Email Instructions & Eastern Answer
>1. Grab the nearest book.
>2. Open the book to page 23.
>3. Find the fifth sentence.
>4. Post the text of the next three sentences in your journal along with these >instructions. Don’t dig for your favorite book, the cool book, or the intellectual >one: pick the CLOSEST.
These were the instructions from and email friend for what sounded like a fun game. It sounded unusual, and when I followed the instructions, the results were rather humorous. You see, the closest book to me at the time happened to be my copy of “The Teachings of Buddha”. Here’s what follows:
“Indeed, it is very difficult to understand the world as it is, for, although it seems true, it is not, and, although it seems false, it is not. Ignorant people can not know the truth concerning the world. Buddha alone truly and fully knows the world as it is and he never says that it is true or false, or good or evil. He simply portrays the world as it is.”
That’s a pretty good lesson, I think. No judgment calls, no high-falutin’ declarations of what is or isn’t proper. A simple presentation of actual reality. This is the way it is.
So why did I have a copy of this book close at hand. Because as I present myself to the world in an attempt to find a new job, I find myself facing a planet which seems to be constantly in turmoil. I’m not talking about the political state of things, or the fact that every employer wants experienced personnel but doesn’t want to give it. No, what I’m seeing are a lot of people who are killing themselves in high-stress environments to grab as much wealth and material possessions as they can before their neighbors grab them first. The old, “Those Who Have the Most Toys Wins” attitude. An attitude I just don’t understand.
Buddha didn’t understand it either. Maybe the fact that he came from a wealthy background helped him to understand that having a lot of money didn’t make any difference. He realized that what mattered was the core of the person. If your heart was filled with avarice, that would never be satisfied no matter how much money you had. That makes a lot of sense to me.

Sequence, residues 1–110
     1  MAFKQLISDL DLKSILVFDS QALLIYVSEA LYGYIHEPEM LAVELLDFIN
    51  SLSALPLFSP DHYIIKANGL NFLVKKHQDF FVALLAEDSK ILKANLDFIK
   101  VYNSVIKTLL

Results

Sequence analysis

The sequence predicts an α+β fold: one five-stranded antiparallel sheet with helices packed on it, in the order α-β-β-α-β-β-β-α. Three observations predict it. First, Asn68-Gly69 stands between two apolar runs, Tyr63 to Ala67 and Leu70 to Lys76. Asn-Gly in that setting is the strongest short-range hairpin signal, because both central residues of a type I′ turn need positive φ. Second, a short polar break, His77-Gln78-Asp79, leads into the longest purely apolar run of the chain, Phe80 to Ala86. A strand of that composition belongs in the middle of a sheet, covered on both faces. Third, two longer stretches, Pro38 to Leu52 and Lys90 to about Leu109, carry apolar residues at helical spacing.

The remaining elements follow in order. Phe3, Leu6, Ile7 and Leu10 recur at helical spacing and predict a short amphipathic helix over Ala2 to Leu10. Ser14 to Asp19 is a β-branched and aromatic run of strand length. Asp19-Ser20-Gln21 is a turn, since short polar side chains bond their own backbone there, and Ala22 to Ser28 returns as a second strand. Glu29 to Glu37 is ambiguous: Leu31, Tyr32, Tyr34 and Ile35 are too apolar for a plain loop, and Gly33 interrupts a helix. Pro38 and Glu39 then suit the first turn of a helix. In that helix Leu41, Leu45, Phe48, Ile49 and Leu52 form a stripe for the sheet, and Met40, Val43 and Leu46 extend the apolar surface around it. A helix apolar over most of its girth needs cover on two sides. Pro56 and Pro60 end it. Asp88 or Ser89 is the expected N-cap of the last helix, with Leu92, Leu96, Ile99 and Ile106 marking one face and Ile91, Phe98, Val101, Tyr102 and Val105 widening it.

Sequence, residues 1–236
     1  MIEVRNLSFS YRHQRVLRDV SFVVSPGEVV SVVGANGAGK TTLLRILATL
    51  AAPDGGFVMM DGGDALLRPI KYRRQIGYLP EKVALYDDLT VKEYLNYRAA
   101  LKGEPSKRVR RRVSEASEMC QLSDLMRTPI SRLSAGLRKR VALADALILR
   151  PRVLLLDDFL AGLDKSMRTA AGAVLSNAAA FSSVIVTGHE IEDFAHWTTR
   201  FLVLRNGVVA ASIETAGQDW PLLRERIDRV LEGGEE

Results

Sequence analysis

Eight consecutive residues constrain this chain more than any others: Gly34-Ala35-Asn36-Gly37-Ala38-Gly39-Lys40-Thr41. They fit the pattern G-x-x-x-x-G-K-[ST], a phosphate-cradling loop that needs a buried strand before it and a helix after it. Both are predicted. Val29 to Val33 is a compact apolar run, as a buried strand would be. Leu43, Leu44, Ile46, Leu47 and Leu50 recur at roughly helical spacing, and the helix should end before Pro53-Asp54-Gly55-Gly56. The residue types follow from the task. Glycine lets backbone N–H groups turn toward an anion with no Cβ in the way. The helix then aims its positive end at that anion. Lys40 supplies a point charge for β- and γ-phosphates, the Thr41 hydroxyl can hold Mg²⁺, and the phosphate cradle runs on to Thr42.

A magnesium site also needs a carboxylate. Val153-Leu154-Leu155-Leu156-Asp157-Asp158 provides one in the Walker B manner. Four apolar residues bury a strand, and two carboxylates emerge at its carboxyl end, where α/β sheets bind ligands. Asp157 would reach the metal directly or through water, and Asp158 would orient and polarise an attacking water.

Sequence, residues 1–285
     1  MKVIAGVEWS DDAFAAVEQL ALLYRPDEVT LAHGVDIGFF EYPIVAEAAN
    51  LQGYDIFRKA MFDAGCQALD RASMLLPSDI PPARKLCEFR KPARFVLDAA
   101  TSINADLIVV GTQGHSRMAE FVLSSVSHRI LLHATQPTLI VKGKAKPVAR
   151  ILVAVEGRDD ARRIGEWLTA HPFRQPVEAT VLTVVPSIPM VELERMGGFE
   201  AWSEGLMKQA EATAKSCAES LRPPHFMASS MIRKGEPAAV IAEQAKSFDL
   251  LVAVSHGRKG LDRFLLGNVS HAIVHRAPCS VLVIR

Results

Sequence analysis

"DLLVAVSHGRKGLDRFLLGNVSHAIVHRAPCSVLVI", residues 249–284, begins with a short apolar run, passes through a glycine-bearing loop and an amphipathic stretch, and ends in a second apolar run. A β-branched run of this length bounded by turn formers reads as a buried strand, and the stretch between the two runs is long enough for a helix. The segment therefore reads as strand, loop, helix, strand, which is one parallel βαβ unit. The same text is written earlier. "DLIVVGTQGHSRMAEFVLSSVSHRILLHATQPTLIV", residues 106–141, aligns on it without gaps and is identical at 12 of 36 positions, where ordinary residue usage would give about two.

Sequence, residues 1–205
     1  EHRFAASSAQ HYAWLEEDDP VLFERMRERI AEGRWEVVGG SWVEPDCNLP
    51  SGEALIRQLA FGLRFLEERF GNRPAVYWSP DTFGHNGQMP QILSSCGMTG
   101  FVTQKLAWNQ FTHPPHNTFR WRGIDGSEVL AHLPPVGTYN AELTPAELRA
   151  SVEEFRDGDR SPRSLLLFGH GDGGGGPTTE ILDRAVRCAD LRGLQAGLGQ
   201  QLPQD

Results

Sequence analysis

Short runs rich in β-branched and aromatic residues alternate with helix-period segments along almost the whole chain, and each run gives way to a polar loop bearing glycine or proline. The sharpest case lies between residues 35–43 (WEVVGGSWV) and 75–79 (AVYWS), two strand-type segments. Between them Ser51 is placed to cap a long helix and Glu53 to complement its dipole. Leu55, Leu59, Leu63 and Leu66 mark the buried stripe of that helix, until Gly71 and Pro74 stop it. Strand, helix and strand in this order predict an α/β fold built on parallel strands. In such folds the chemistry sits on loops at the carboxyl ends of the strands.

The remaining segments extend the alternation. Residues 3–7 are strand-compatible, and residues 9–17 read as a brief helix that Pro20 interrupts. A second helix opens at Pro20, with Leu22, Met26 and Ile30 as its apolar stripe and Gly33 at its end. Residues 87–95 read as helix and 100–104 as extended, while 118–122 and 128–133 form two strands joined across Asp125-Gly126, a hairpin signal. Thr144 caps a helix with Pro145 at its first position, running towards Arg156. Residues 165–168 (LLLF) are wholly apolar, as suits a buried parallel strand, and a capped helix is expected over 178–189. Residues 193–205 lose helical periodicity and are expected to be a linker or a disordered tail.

“Having it all”, or, “The American Dream” are phrases we hear a lot of today, especially in the business world. I suppose that stands for the big house, the fancy car, a six or seven digit salary, big-screen TV, etc. All the possessions you could want, and the ability to throw money at your problems. But, I don’t want that. I never did.
No, I have always been more attracted to “The French Dream”, which is probably not something you’ve heard of before. In essence, the French Dream consists of securing a sufficient income and retiring to the country where one sips wine, chats with the neighbors, and enjoys good books and ignores the rat race. It is a life in which one accepts the world as it is, not as how you think it should be in relation to you!
The French Dream is centered not on personal conquest, but in the triumph of the individual. What you do is create a social dynamic in which you further the mind and the soul rather than getting wrapped up in material goods. The latter point is critical!
Buddha believed that suffering was inherently tied to the possession of material things. If your feelings were wrapped up in material goods then the core self never emerged from the wrappings of ego and the Id. As the individual continued to long for things like new cars, flat-screens, costly jewelry and new shoes the core part of the self became ever more strangled. This is the side-effect of the American Dream. “Having it all” is a race down a long track lined with credit cards and collection agents urging you on. I’m reminded of an old cartoon where a woman gets a store credit card and is being encouraged to use it. She holds up her nose and starts to walk out, and then spots a new pair of shoes. “Well, maybe I’ll get this….and this, and this, and that, and THAT!” Eventually she goes hog-wild to the admiring glances of a couple of sales clerks. “New credit-card?” asks one. The other clerk nods and says, “Yeah…isn’t it beautiful?”
The French Dream offers contemplation, quiet, and the satisfaction that the best things in life are still free: sunsets, relaxation, books from the library, and hours of uninterrupted sleep!
Soi, while the rest of the world is running around chasing its tail, I’m going to be snoozing in a hammock after reading a collection of Voltaire.
That, to me, is the ideal life, and I think Buddha would approve.